“I want to be a guinea pig,” Reinstein said. “We are only looking for opportunities.”

Reinstein and Hall met about six months ago through Alzheimer’s Association and every two weeks through FaceTime. Hall recently joined one of Reinstein’s support groups. It is also part of an observational study called the Longitudinal Early-onset Alzheimer’s Disease Study (LEADS), funded by the National Institute on Aging, with the goal of learning more about the characteristics of people aged 40 to 64 years with cognitive impairment. increase.

The hall journey began after a meeting at work, when it was difficult to find the right words to use in a conversation, but something really went wrong in a clinic seeking treatment for a hand injury. I knew there was: she looked down at the shape she should have filled in and couldn’t understand any of it. She looked at the pen’s cup at the front desk and spelled “cup” to try to focus. I couldn’t do it after 30 minutes, so I called my husband and hurriedly asked for help.

“Oh, another thing that made it clear,” she said, then stopped and looked at her husband Doug before continuing to comment. “What was my title?”

“President of the Florida Police Bar Association,” he replied. He filled in the blanks for her many times.

She was planning to give a speech at the 2019 Group’s annual convention, but “Nothing came. I decided I couldn’t work anymore.” Eventually, she underwent a spinal puncture at the Mayo Clinic in Jacksonville, Florida, and was diagnosed catastrophically. Hall thought of suicide and asked a law enforcement friend where to get the gun. She told her three children in her twenties that she didn’t want to show her waste.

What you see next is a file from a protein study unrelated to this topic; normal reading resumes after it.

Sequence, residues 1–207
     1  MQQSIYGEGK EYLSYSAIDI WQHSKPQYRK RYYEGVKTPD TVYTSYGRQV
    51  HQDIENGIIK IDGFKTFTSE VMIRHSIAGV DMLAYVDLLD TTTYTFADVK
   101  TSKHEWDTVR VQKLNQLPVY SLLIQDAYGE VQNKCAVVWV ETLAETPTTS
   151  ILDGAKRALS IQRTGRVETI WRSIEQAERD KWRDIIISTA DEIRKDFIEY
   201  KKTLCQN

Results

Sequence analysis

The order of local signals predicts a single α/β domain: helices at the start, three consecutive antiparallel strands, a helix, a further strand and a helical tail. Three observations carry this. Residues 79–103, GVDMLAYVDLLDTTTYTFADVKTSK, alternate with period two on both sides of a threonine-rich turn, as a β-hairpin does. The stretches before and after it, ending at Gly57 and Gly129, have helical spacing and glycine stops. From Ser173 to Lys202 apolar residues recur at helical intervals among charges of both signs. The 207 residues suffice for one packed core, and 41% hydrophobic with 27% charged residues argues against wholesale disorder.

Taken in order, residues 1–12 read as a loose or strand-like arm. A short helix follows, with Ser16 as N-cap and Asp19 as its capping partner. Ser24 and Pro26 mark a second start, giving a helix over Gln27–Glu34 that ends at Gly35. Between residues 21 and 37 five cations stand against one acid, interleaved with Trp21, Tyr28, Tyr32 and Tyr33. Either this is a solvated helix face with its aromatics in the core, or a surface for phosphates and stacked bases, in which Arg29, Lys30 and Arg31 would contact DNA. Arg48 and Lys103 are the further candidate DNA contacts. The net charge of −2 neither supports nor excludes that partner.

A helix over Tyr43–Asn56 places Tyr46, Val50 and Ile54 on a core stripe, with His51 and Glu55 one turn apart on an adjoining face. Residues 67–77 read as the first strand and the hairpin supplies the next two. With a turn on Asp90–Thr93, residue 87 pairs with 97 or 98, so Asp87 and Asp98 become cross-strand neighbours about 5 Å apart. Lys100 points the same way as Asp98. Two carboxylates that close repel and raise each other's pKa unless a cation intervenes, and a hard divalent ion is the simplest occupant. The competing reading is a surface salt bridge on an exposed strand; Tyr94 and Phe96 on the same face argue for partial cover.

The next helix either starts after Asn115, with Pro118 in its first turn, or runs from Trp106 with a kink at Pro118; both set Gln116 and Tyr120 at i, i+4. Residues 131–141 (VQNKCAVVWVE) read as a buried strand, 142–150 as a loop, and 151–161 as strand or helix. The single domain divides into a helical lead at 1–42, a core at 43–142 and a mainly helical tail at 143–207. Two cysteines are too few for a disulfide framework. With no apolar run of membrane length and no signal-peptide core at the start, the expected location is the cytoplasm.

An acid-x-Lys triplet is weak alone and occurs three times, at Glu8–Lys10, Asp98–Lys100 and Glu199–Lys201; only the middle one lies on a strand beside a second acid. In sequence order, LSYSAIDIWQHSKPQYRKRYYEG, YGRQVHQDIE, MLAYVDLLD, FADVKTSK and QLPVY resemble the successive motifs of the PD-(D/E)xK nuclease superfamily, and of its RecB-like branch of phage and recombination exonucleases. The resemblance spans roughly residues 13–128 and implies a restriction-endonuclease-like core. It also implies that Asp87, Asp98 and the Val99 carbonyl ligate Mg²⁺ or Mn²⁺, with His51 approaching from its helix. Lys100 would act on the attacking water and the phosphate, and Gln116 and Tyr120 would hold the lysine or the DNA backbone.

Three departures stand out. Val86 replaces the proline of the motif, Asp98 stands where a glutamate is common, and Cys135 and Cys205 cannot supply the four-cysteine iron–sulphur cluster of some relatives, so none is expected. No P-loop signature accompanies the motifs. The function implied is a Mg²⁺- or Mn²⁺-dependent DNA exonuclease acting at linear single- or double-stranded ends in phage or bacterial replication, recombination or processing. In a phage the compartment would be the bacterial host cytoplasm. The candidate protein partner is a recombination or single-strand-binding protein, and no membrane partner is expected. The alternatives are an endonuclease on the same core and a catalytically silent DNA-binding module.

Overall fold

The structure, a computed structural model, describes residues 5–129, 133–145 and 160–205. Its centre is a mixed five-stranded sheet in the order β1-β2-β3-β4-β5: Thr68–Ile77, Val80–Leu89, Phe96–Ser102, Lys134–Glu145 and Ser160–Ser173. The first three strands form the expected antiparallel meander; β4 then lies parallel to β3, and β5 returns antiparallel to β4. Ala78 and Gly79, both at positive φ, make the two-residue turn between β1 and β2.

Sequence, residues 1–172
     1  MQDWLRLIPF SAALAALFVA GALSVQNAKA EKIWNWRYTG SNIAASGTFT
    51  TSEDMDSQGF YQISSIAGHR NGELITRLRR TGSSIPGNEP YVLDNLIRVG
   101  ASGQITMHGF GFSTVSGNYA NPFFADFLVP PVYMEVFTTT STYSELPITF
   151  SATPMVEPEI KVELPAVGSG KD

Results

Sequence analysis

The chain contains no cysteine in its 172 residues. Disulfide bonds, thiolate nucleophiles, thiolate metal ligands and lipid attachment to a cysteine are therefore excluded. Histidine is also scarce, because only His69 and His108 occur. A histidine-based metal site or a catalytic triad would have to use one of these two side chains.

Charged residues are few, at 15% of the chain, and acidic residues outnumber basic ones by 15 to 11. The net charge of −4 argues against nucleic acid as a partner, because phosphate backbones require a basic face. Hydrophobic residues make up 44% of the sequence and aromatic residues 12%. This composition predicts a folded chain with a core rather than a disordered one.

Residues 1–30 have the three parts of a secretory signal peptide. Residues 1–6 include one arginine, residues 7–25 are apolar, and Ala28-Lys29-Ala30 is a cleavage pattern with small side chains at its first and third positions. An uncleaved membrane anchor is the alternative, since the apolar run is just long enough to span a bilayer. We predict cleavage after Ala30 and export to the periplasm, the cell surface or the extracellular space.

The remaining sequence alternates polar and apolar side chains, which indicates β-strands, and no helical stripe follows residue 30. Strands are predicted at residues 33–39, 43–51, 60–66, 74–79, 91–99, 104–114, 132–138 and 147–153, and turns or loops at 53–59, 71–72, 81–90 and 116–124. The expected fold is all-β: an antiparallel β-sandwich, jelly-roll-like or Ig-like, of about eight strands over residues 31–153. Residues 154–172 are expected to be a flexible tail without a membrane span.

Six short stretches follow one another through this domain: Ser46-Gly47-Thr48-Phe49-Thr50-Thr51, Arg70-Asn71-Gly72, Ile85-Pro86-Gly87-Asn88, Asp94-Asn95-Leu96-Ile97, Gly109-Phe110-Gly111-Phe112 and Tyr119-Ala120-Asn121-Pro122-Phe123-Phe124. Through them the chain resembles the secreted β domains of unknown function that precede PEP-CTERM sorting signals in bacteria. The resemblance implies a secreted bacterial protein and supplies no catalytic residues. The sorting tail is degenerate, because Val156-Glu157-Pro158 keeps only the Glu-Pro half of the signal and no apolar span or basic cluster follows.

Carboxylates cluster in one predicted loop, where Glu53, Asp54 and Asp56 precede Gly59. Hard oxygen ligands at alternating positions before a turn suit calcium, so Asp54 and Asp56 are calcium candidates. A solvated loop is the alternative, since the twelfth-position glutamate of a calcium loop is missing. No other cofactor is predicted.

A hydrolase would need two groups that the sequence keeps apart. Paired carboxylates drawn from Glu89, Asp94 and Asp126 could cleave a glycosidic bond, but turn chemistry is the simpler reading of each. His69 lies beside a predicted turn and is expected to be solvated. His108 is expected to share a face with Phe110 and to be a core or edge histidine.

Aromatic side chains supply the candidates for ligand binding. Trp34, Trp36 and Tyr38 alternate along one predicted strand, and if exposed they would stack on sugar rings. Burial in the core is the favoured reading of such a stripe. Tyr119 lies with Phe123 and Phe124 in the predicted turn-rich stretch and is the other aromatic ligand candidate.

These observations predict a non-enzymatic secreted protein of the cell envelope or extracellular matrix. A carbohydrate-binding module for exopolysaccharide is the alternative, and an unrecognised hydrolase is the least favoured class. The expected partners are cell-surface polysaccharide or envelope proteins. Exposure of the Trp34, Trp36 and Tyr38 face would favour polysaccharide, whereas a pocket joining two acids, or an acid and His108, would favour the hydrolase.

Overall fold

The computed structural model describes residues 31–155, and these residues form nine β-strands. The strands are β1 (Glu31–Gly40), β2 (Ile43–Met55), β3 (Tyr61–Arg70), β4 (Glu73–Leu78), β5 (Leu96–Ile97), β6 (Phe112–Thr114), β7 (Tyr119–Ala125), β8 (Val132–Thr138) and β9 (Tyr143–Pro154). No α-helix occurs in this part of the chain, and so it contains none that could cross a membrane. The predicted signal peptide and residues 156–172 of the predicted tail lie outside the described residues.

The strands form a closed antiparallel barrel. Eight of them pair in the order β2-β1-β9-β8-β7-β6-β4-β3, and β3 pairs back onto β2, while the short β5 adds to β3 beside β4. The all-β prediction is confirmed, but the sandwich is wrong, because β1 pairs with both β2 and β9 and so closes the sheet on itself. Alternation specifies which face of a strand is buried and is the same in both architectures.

“The first few months were really miserable,” she said. “It was hard because suddenly you see yourself leaving.”

She and Rheinstein are riding an emotional roller coaster with Aducanumab. They closely tracked the progress of aducanumab through the approval process. The approval process was itself full of ups and downs as the drug appeared to have failed and was resurrected. Later, when the FDA approved the monthly injections last year, a rare hope was glimpsed.

Hall’s husband said he knew that aducanumab was not a mysterious drug. “But that will help stabilize her for six months,” he said.

“Is it better than doing nothing? I think so,” he said.

The FDA justified the approval of Aducanumab because of the urgent need for treatment of Alzheimer’s disease. Although it has no apparent effect and is at risk of serious side effects, Biogen has set the price of this drug at $ 56,000 per year.

Based in Cambridge, Massachusetts, the company recently halved its price due to blowbacks and sluggish sales. Biogen said Tuesday that Medicare’s decision to limit the scope of aducanumab to patients in clinical trials would make the majority of patients inaccessible to treatment and “decline without hope of intervention.” It is not yet clear which exams are eligible for Medicare.

Aducanumab is to be used only in people with mild cognitive impairment. Hall and Reinstein were afraid that cognitive abilities could be more than mildly impaired before trying the drug.